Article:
1. We solved the legal issue by Levi’s agreeing to offer the same ad co-op terms to any retailer in the Bay Area (and any in other markets Don opened) if they would agree to stock only Levi’s products, and in all styles, colors and sizes. This was the birth of the “Levi’s Only” category of stores, a concept that spread like wildfire and eventually threatened the capacity of US denim mills.
2. TV’s high costs were prohibitive, so we agreed that Don would use
only top-40 radio. Don’s and Levi’s target market
was tuned into the hot new rock and roll radio
stations more than television anyway. Plus Levi’s
agency had become expert at producing very
effective radio commercials and promotions with
top 40 radio stations. These stations were eager to
negotiate much lower rates for local advertisers like Don, than they charged national advertisers like Levi’s.
3. To ensure that Don’s radio ads were of the same high quality as Levi’s, I agreed to introduce him to my agency’s chief radio commercial writer/producer and look the other way as he moonlighted as Don’s first ad manager. But only if Don would limit our mutual ad spending to radio and merely mention that he sold all the latest the latest records as long as he didn’t specify titles.
4. Levi’s initial dollar commitment to Don was set at 50% of a budget sufficient to buy a 3 month saturation afternoon radio schedule on all Bay area rock stations. These ads would run every weekday and Saturday during school sessions and on weekends during the summer. This program would bombard every hearing Bay Area teenager with Levi’s messages at saturation levels and surely drive them to the store.
5. Don knew the stores couldn’t use the Levi’s name and promised to come up with a catchy new name.
With this agreement firmly in hand, I spent the next morning in a hastily called management meeting to outline this new concept. I assured Wally that we could afford to test the concept by reducing Levi’s own radio ads in the Bay Area proportionately, at least until Don’s store was open and we could gauge its appeal. The Sales Manager eagerly supported the test and agreed to personally handle the account, so that no salesman commissions need be paid for the new store(s), since there was no “selling” involved. Wally approved the test and, in turn, arranged for Levi’s extremely tough new account credit terms to be suspended (with a lien on Don’s opening inventory), and a promise to give the store top shipment priority for all re-orders received overnight .

Don planned to open the first store in San Francisco and expand in the Bay Area to saturation before moving the concept to a second metro area. This controlled my initial co-op offer to the Bay area metro area, making it legal to refuse a similar deal to anyone else in another market, and it allowed our advertising dollars to achieve maximum efficiency. Don had decided on National Football League markets first, reaching saturation as soon as he could, before tackling the smaller American Football League Markets. Don’s logic was that the NFL had already done the research and picked off the best markets to reach men, so why should he argue with success?
Don not only got Honig Cooper’s radio wizard to moonlight for him by paying him well, but he eventually hired him as his first ad manager. The first radio spots he produced for Don were every bit as good as the ones he had done for Levi’s, and they did an excellent job of brand image advertising for us.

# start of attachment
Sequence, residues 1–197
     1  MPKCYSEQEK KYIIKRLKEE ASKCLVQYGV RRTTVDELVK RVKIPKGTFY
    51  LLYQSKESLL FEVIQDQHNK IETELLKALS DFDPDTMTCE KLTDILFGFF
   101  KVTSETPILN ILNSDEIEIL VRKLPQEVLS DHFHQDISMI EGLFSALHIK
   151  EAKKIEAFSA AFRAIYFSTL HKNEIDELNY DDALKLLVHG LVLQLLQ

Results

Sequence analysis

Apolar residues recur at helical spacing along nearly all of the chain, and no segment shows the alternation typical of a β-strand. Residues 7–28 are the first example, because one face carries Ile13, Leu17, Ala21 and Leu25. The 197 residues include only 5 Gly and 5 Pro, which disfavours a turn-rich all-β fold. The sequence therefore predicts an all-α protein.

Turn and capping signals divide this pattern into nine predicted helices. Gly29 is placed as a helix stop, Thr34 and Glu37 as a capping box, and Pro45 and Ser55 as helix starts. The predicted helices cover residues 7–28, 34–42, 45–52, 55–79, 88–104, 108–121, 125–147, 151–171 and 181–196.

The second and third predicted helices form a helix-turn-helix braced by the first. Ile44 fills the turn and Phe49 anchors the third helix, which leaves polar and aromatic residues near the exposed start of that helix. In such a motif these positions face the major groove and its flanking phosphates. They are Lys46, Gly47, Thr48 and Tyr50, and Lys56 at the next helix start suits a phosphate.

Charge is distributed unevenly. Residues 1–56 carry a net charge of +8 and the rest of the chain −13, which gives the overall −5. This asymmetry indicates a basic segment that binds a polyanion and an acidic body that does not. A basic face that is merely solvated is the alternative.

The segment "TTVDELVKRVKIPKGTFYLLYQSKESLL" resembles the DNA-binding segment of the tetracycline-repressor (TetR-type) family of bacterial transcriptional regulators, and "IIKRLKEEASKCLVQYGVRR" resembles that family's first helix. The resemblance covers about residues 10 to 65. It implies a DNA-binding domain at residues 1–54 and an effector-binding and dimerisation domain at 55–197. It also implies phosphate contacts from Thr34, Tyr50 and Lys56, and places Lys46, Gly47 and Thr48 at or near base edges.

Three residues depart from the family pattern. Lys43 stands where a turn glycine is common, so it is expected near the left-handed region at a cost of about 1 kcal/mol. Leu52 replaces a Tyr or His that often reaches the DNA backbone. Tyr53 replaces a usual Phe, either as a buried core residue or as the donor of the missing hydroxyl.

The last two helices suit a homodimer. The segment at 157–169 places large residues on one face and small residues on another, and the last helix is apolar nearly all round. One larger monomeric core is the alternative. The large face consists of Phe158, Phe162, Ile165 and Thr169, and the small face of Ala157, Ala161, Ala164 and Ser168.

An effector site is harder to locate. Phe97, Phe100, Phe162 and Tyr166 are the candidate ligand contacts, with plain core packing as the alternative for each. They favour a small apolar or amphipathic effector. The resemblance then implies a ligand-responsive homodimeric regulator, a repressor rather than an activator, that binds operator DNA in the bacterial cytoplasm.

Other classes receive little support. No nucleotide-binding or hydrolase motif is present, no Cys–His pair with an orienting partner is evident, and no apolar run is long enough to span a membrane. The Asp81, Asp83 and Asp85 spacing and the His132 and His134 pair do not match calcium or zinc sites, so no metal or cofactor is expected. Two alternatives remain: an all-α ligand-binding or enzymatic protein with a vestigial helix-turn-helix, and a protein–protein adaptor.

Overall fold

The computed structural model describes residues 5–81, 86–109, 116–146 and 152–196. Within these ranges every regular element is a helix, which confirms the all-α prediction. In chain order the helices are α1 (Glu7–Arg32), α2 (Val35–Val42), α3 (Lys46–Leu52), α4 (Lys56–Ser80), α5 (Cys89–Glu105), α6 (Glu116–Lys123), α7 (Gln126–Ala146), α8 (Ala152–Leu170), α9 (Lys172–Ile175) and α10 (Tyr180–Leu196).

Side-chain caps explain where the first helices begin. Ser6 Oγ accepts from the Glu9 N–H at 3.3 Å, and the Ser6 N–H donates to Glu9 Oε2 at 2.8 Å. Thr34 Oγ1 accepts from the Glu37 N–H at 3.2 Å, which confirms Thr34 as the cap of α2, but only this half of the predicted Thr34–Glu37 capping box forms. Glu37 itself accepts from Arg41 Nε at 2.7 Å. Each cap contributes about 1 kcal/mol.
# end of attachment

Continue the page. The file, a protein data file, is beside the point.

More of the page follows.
By late summer 1969, Don was ready for his very first store opening, a San Francisco State University commercial neighborhood storefront on the same side of the street as the local movie theater. Of course, Don had already negotiated several other leases for his next Bay Area locations, and his master store plan was ready to duplicated at a moment’s notice. The new store was named the Gap by Don’s wife Doris, (after the Generation Gap) and the first radio commercial had shouted to the blare of acid rock…”Fall into the Gap”, a clarion call that was heeded by the multitudes!

I attended the Grand Opening mob scene of teens and Levi’s on an August night and, reminded of the early Fillmore frenzies, I was certain that The Gap and Levi’s had an amazing future together. Very soon, The Gap stopped selling records completely to maximize the floor space for the far more profitable Levi’s, which needed no extraneous “draw” to attract teen customer. The Gap was rapidly opened wide indeed.

Who could imagine that a scant 5 years later I would become Executive Vice President of The Gap’s 350 stores in 1975, and that The Gap’s various divisions would eventually grow to over 3,000 worldwide locations with revenues of $15 billion (over three times the size of Levi Strauss!).

 

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Building Domestic Apparel Manufacturing

October 29, 2017 Leave a comment
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New Blog Direction

October 25, 2017 1 comment

Beginning soon, Your Blogmaster for  this blog (fashiontech.wordpress.com) will begin converting from our past practice of blogging all things fashion worthy, to primarily focusing on Demand Manufacturing of apparel (and custom fabrics).

If you or your friends would like to submit your original materials that you would like us to feature, please contact me c/o this blog.

Bud Robinson BlogMaster of  http://www.fashiontech.wordpress.com

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Just Style Weekly links

October 19, 2017 Leave a comment